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|Evangelical icon, prison ministry pioneer Colson dies at 80|
Evangelical icon, prison ministry pioneer Chuck Colson dies at 80
A life transformed
In many ways, Colson’s life personified the evangelical ethos of a sinner in search of redemption after a dramatic personal encounter with Jesus. He also embodied the evangelical movement’s embrace of conservative social issues, although often as a happy warrior.
Today, Prison Fellowship has more than 14,000 volunteers working in more than 1,300 prisons across the country. More than 150,000 prisoners participate in its Bible studies and seminars every year.
The organization founded by Colson also provides post-release pastoring for thousands of ex-convicts, and supplies Christmas gifts to more than 300,000 kids with a locked-up parent through its Angel Tree program.
Colson also founded Justice Fellowship, to develop what he called Bible-based criminal justice, and advocate for prison reform. In 1993, Colson won the $1 million Templeton Prize for Progress in Religion, and donated the money to his ministry.
As recently as February, Colson still was contributing to political debates, writing an open letter with fellow evangelical leader Timothy George that criticized the Obama administration’s health care contraception mandate.
In 2009, Colson was a chief architect of the “Manhattan Declaration,” which advocated grass-roots resistance to abortion, euthanasia and same-sex marriage. He called the manifesto “one of the most important documents produced by the American church, at least in my lifetime.”
“The Christian’s primary concern is bringing people to Christ,” Colson told Christianity Today magazine in 2001. “But then they’ve got to take their cultural mandate seriously. We are to redeem the fallen structures of society.”
Colson also was a key figure in Evangelicals and Catholics Together, a network of religious leaders who found common ground supporting a “culture of life” and reaffirmed their stance in 2006 when they called abortion “murder.”
Religion was far from Colson’s mind during his early adult life, when his main passion was politics. A Boston native, Colson showed early signs of political acumen as a star debater in high school.
After graduating from Brown University, Colson enlisted in the Marines and rose to the rank of captain. Following law school and a stint in the Pentagon, Colson worked on Capitol Hill as a top aide to Sen. Leverett Saltonstall (R-Mass).
After serving on Nixon’s 1968 election team, Colson was appointed by the newly elected president as special counsel. During Nixon’s first term, Colson was known as a feared but respected “hatchet man.”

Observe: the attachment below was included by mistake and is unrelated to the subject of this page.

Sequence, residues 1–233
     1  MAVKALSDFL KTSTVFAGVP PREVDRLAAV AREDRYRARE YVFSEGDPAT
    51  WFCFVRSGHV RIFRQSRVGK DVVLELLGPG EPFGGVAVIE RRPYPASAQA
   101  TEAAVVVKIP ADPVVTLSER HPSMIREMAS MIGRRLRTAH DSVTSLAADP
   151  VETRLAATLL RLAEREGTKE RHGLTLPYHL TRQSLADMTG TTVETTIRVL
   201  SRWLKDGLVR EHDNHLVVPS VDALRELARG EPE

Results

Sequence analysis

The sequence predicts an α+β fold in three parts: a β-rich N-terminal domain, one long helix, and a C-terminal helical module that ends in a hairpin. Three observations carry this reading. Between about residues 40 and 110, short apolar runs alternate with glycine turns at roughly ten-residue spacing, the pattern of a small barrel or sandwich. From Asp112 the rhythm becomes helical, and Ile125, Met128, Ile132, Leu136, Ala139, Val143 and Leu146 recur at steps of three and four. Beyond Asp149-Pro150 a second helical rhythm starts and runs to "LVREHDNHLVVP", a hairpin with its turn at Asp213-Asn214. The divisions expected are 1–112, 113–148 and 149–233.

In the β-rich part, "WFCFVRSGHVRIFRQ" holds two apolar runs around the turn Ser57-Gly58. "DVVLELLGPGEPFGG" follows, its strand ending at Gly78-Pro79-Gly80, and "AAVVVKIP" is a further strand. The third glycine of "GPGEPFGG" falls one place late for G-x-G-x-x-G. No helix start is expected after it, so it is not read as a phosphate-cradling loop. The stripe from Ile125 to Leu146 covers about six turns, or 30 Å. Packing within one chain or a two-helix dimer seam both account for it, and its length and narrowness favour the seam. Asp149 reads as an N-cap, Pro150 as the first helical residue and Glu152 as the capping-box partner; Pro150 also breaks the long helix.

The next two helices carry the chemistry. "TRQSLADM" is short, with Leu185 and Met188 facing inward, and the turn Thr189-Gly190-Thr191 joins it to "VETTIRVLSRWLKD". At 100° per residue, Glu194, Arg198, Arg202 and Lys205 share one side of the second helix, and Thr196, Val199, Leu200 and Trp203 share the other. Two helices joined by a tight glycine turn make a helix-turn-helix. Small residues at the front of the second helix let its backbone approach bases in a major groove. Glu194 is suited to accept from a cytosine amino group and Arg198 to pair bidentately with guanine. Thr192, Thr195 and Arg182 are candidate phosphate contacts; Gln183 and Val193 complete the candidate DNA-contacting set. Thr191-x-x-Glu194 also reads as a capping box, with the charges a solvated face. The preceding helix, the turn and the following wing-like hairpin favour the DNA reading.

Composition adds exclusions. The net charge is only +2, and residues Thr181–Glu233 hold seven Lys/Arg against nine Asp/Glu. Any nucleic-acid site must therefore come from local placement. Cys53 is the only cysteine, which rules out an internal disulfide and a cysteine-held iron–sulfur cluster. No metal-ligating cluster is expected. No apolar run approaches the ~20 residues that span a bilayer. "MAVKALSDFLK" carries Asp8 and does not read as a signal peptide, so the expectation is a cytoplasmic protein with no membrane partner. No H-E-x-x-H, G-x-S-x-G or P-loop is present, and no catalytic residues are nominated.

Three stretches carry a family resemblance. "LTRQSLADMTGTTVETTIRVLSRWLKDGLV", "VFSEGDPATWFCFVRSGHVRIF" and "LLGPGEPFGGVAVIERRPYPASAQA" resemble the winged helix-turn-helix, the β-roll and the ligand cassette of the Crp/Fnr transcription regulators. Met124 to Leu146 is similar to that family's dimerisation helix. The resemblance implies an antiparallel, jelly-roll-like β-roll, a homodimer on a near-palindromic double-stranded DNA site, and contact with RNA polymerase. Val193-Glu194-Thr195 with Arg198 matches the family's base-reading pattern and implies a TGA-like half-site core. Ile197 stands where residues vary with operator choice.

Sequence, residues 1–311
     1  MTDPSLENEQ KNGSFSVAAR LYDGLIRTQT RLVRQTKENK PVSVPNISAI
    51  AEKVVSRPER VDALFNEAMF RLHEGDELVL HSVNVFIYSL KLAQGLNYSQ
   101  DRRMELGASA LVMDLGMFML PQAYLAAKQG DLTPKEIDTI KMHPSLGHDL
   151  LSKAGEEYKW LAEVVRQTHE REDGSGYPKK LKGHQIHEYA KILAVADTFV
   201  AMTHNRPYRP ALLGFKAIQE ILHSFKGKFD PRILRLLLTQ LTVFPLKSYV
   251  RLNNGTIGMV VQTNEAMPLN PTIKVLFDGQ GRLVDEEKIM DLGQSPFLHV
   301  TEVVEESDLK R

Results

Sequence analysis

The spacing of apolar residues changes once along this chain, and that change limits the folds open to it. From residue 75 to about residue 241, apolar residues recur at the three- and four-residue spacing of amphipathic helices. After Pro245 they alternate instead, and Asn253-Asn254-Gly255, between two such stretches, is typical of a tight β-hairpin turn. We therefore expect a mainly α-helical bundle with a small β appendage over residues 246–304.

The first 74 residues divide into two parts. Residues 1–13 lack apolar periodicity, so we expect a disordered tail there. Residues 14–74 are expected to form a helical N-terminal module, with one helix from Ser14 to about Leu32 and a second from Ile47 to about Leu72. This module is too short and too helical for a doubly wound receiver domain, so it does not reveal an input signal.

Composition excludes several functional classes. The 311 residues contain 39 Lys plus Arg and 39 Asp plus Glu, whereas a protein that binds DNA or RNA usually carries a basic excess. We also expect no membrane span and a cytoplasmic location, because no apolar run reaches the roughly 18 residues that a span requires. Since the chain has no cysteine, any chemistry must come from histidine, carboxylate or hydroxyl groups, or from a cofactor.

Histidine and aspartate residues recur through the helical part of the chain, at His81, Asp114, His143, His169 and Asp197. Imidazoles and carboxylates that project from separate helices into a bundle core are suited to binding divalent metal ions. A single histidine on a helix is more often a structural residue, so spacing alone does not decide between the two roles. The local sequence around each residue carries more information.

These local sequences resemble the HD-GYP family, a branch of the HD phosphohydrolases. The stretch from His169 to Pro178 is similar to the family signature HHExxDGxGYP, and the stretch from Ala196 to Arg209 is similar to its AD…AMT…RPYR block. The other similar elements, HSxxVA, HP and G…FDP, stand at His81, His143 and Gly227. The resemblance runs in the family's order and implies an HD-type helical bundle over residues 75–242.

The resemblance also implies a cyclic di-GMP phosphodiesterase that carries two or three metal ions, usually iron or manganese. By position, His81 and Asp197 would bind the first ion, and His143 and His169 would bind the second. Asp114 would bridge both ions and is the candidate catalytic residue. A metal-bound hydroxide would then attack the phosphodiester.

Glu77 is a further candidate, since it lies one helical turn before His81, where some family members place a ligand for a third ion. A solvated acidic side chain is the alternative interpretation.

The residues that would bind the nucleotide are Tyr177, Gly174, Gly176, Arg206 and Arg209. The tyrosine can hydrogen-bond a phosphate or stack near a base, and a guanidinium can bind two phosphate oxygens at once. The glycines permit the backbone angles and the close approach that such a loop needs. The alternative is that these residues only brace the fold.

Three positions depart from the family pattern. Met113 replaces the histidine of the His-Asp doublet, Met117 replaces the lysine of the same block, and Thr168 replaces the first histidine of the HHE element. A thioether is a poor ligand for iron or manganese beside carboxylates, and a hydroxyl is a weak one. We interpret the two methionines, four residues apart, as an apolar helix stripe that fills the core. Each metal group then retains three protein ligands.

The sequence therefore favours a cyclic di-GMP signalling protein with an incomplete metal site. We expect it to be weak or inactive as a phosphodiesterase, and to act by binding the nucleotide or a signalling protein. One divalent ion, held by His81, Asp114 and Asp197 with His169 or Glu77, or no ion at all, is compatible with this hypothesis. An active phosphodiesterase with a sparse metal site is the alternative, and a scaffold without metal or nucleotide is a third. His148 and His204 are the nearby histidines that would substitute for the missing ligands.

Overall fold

Colson once bragged of a willingness to “walk over my grandmother if necessary to assure the President’s re-election,” and was roundly known within the Nixon administration as the “evil genius.”
“I was known as the toughest of the Nixon tough guys,” he said in 1995.
Nixon himself described Colson as one of his most loyal aides. “When I complained to Colson I felt confident that something would be done, and I was rarely disappointed,” the former president wrote in his memoirs.
Among other activities, Colson helped set up the “Plumbers” to plug news leaks. The Plumbers engaged in illegal wiretapping of Democratic headquarters at the Watergate apartment complex, triggering the scandal that took down the Nixon White House.
Colson also was involved in the creation of the Special Investigations Unit, whose members broke into the office of Lewis Fielding, the psychiatrist of Daniel Ellsberg, who had given copies of the Pentagon Papers, a secret account of U.S. involvement in Southeast Asia, to newspapers.
Nixon aides justified the break-in on the grounds of national security, but Colson later admitted that the agents were trying to dig up damaging information about Ellsberg before his espionage trial.
As the Watergate scandal mushroomed, Colson pleaded guilty to obstruction of justice in 1974, and the felony led him to serve seven months of a one- to three-year sentence at Alabama’s Maxwell Prison.
Colson later said he became a Christian before going to jail, and his time behind bars cemented his faith.
“There was more than a little skepticism in Washington, D.C., when I announced that I had become a Christian,” he said in 1995. “But I wasn’t bitter. I knew my task wasn’t to convince my former political cronies of my sincerity.”
In addition to his work with Prison Fellowship, Colson authored more than 30 books that sold more than 5 million copies, including his seminal 1976 autobiography, “Born Again.”
Colson became an evangelist for better prison conditions and championed what he called “restorative justice,” in which nonviolent criminals should stay out of jail, remain in the community where they committed their crime, and work to support their families and pay restitution to the victim. (RNS)